Holy See change

This ain’t Pope Benedict’s Catholic Church any more. Benedict’s successor, Pope Francis, signaled he intends to take the church in a very different direction on such issues as abortion, gay marriage, and contraception. In a lengthy interview with an Italian Jesuit magazine that was translated into English by the journal America, the pope said he continues to embrace the church’s no-no-no  doctrine on the three issues, but said he saw no need to talk about “small-minded rules” all the time.

“We have to find a new balance; otherwise even the moral edifice of the church is likely to fall like a house of cards,” he said.

The pope also signaled a willingness to listen more to women, saying “the feminine genius is needed wherever we make important decisions.”

Regarding gay people, the pope said that “if a homosexual person is of good will and is in search of God, I am no one to judge.” He said someone once asked him whether he approved of homosexuality. “I replied with another question: Tell me: when God looks at a gay person, does he endorse the existence of this person with love, or reject and condemn this person?”

A Boston College professor tells the Globe there is no doubt the pope is trying to shift the church’s emphasis. Keller@Large says the pontiff’s call for moderating the church’s tone on such hot-button issues is a lesson in humility and conciliation for all those in power. Slate declares Pope Francis a liberal, calling him profoundly anti-conservative. The New Yorker asks: “Did the other Cardinals know what sort of priest they were voting for?”

                                                                                                                                                                  BRUCE MOHL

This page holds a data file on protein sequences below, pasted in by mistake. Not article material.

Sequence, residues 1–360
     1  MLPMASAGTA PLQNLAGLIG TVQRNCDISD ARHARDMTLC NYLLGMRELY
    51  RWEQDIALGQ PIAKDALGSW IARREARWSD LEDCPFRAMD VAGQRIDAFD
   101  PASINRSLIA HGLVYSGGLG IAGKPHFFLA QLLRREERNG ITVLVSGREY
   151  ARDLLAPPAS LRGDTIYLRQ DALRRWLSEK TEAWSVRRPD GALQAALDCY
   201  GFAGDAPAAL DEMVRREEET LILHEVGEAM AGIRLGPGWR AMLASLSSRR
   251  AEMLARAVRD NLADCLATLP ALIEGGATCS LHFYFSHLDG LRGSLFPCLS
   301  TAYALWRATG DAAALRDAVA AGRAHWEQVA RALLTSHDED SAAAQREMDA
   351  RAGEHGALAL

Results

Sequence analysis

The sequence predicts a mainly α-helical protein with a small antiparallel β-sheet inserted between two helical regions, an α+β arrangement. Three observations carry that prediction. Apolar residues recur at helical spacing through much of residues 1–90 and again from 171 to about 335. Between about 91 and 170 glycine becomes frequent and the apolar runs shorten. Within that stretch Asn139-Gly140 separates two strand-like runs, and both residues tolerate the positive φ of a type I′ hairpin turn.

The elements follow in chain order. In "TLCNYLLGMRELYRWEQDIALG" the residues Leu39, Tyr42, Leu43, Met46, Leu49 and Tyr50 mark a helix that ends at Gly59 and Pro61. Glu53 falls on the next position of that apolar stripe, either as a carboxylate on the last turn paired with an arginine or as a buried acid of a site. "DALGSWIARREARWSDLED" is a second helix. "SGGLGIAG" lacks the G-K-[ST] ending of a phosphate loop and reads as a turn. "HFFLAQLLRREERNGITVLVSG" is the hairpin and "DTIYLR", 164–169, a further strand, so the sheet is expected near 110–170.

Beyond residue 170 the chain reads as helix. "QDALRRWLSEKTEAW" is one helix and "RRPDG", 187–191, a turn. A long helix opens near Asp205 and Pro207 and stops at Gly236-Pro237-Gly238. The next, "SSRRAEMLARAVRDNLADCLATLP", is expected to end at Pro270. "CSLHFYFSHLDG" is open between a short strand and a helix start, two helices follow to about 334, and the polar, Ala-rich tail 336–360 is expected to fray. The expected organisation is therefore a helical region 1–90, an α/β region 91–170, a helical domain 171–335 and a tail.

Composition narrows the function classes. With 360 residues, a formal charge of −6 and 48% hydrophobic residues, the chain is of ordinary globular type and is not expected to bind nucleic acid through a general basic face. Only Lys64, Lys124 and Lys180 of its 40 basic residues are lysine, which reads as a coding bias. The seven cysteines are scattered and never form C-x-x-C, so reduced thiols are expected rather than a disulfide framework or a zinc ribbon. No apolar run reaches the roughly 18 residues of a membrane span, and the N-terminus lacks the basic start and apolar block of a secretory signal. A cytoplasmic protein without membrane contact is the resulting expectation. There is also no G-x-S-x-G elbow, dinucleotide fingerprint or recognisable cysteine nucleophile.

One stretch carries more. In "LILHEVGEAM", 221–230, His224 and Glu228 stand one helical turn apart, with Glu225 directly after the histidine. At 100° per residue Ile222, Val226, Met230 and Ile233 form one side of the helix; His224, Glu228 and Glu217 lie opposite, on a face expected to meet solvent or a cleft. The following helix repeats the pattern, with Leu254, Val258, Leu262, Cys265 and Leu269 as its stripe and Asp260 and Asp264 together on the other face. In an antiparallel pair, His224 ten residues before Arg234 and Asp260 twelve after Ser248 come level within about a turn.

BEACON HILL

The state Ethics Commission grants Sen. Dan Wolf a stay on its resignation ruling and says it plans to formulate some changes in the conflict of interest law that might allow him to remain as a senator. But commissioners indicated that a change allowing him to serve as governor is unlikely unless the Legislature steps in, CommonWealth reports. An Associated Press story suggests the commission may change its rules to allow Wolf to remain a senator and mount a campaign for governor.

The state inspector general finds that Westfield State University president Evan Dobelle’s use of school credit cards for personal matters and his dipping into monies intended for university programs and scholarships violated a number school policies. The Globe reports that a West Coast fundraising trip by Dobelle earlier this year was not nearly as successful as he sought to make it sound.

MUNICIPAL MATTERS

Many people may not even yet know what “cycle tracks” are, but Boston is getting 20 miles of them. The Times looks at Boston’s building boom.

The president of the Braintree Town Council wants some changes made at the town’s transfer station after he witnessed a “hostile” encounter between a resident and an employee who blocked him in with a front-end loader in a dispute over payment.

CASINOS

The state Gaming Commission confirmed applicants for a casino license in the Southeast region do not have to identify either a gaming partner or a property owner on the first phase of the process, meaning a failed applicant in another region could link up with a property owner in the south. The Herald previews Friday’s high-stakes Boston City Council hearing on November’s Suffolk Downs referendum. A Herald editorial urges the council to restrict the vote to the neighborhood of East Boston.